The challenges facing the Government’s new religious envoy

Anglican Life

Embrace the Middle East


Governments, indeed political parties, struggle with an endless tension between what is desirable politically, and what is possible.What they wish to do, and what they can do. A politician I used to work for was fond of quoting his own personal political maxim; “always under-promise and over-deliver; never the other way round”.We are currently witnessing what is the most long drawn out and painful reminder of the truism in most of our lifetimes: Brexit.

So when the government announces its intention to act in a way that bucks recent trend, to work towards an end you believe to be of fundamental importance, it is hard to know whether to jump for joy, or weep in the anticipation of impending disappointment.

A month ago Downing Street announced the appointment of a new Prime Ministerial special envoy on Freedom ofReligion or Belief, a curious title.

Also curious was the strange attempt to link this international priority with domestic concerns.The Prime Minister said at the time: “Religious discrimination blights the lives of millions of people across the globe and leads to conflict and instability.” Amen to that.

But she went on to say that “both here [my italics] and abroad, individuals are being denied the basic right of being able to practise their faith free of fear.”The discrimination being faced by people of the Baha’i faith in Iran, by Yezidis in Iraq or Christians in Pakistan can hardly be equated to current concerns around community cohesion in the UK.

The press release announcing Lord Ahmad’s appointment contained a bewildering array of issues which he would be addressing: from toleration and discrimination to religious liberty and persecution (a sole mention) by way of inter-faith respect and dialogue.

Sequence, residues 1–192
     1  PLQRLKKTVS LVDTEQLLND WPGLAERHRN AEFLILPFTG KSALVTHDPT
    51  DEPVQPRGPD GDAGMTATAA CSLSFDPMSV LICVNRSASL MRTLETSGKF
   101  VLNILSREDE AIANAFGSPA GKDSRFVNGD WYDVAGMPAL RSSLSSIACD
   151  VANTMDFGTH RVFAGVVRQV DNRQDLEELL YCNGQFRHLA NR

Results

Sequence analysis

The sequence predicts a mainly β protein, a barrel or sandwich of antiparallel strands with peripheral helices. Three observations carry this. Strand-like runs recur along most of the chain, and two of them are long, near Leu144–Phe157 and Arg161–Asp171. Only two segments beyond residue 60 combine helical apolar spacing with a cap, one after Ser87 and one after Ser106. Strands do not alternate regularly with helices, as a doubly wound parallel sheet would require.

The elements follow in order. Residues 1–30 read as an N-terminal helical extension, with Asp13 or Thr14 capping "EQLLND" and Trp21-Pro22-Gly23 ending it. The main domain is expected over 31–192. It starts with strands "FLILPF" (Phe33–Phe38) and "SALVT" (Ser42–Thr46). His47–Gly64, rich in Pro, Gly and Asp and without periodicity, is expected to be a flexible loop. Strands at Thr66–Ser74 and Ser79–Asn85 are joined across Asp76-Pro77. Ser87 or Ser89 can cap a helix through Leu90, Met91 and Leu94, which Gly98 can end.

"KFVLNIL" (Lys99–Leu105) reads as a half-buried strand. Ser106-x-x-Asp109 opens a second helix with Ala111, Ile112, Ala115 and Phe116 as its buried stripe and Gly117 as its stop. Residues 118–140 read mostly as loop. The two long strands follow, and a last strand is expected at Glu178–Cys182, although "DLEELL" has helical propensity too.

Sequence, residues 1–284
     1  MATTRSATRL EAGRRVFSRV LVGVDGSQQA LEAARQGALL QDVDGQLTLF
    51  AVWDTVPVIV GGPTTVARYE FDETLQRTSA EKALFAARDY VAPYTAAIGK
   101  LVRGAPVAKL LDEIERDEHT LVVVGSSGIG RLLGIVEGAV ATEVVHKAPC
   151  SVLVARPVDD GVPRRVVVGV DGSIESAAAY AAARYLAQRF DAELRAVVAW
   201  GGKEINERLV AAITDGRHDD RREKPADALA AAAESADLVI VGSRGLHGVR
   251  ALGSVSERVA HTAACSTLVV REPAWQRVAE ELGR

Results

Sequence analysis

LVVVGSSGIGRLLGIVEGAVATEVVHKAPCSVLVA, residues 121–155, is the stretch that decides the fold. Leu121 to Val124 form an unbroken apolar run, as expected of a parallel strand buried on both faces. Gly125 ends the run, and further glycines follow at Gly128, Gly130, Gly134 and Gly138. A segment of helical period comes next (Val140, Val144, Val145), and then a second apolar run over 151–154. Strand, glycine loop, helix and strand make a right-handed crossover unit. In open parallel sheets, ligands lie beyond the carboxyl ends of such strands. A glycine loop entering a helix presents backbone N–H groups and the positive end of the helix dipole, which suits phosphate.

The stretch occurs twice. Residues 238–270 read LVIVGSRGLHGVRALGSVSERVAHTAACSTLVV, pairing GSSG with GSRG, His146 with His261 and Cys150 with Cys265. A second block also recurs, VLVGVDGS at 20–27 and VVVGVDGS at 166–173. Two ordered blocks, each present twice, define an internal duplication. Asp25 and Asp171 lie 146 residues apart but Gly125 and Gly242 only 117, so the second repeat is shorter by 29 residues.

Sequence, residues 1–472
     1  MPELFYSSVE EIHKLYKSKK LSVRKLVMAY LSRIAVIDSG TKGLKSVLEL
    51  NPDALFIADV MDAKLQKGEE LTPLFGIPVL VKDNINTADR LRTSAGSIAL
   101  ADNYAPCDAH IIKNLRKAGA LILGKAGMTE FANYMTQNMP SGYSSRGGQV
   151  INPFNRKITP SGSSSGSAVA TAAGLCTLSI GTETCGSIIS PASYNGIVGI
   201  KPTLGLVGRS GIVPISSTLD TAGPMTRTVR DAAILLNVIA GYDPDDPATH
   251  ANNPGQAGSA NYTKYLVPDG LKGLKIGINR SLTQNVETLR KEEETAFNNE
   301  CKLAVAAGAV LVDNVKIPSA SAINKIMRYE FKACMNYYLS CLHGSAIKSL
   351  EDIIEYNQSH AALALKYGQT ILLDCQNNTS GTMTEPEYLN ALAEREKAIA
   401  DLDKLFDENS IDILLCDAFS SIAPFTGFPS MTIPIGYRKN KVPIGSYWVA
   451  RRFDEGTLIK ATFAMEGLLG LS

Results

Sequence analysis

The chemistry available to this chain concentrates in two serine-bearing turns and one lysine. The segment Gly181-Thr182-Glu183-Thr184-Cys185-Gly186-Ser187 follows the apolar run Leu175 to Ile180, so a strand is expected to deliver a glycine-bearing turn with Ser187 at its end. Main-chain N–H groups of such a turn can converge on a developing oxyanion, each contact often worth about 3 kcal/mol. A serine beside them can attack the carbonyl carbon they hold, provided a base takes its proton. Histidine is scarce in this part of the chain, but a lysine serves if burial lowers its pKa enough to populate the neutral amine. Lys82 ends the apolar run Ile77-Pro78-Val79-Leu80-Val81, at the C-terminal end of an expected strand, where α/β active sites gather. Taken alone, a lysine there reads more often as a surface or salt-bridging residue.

If Lord Ahmad is to provide the kind of leadership needed in this most thorny of policy areas, some very focussed thinking will be required; not only by him, but by the diplomats of the Foreign and Commonwealth Office where he is a minister.I am encouraged that he acknowledges that: “Freedom of Religion or Belief is a human right enshrined in the Universal Declaration of Human Rights. It must be respected. People from all faiths or none should be free to practise as they wish. This respect is key to global stability, and is in all our interests.”

He is absolutely right to start with the Universal Declaration.Article 18 states unequivocally that: “Everyone has the right to freedom of thought, conscience and religion; this right includes freedom to change his religion or belief, and freedom, either alone or in community with others and in public or private, to manifest his religion or belief in teaching, practice, worship and observance.”

This right was further elaborated by the UN General Assembly in 1981 when it agreed a non-legally binding Declaration on the Elimination of All Forms of Intolerance and Discrimination based in Religion or Belief. But that is about as far as the UN has got to date.Intentions are fine, but actions speak much louder than words.Religious liberty is at present a distant dream.

If the UK is to be effective, nevertheless,in pursuing this goal to the mutual benefit of believers and non-believers everywhere, difficult choices will need to be made.The UK will have to speak with much greater clarity, intent and volume in international fora, and in bilateral discussions, especially with the most egregious flouters of the human right to religious liberty.

The list of offenders is long and among othersincludes China and Saudi Arabia. Will the Foreign Office, and the Prime Minister’s Envoy, ensure that human rights, including religious liberty, feature high, and publically, on the bilateral agenda with these countries? Or will trade concerns, and especially energy and arms, trump such considerations?

Will the right to religious liberty be sacrificed on the altar of Brexit?

We must hope not. And we must keep the Special Envoy’s feet to the fire. The Prime Minister and her advisersdeserve credit for appointing Lord Ahmad, and seeing off strong attempts from the Foreign Office to prevent anappointment in the first place.

The Foreign Office has a long history of disdain for Prime Ministerial envoys.Lord Ahmad must prove that he was not in fact a compromise between an intransigent Foreign Office, with more important fish to fry, and a properly concerned and ambitious Downing Street, unprepared to settle for the usual hand wringing on an issue of vital global significance for all our long term futures.

The Foreign Office likes to think it has one mandate – to promote and protect British national interests.It will not naturally regard fighting for other people’s right to religious freedom as within that compass.I hope Lord Ahmad means it when he says that respect for freedom of religion is “key to global stability and is in all our interests”.The events of the past two decades surely prove him absolutely right.


Tim Livesey is CEO of Embrace the Middle East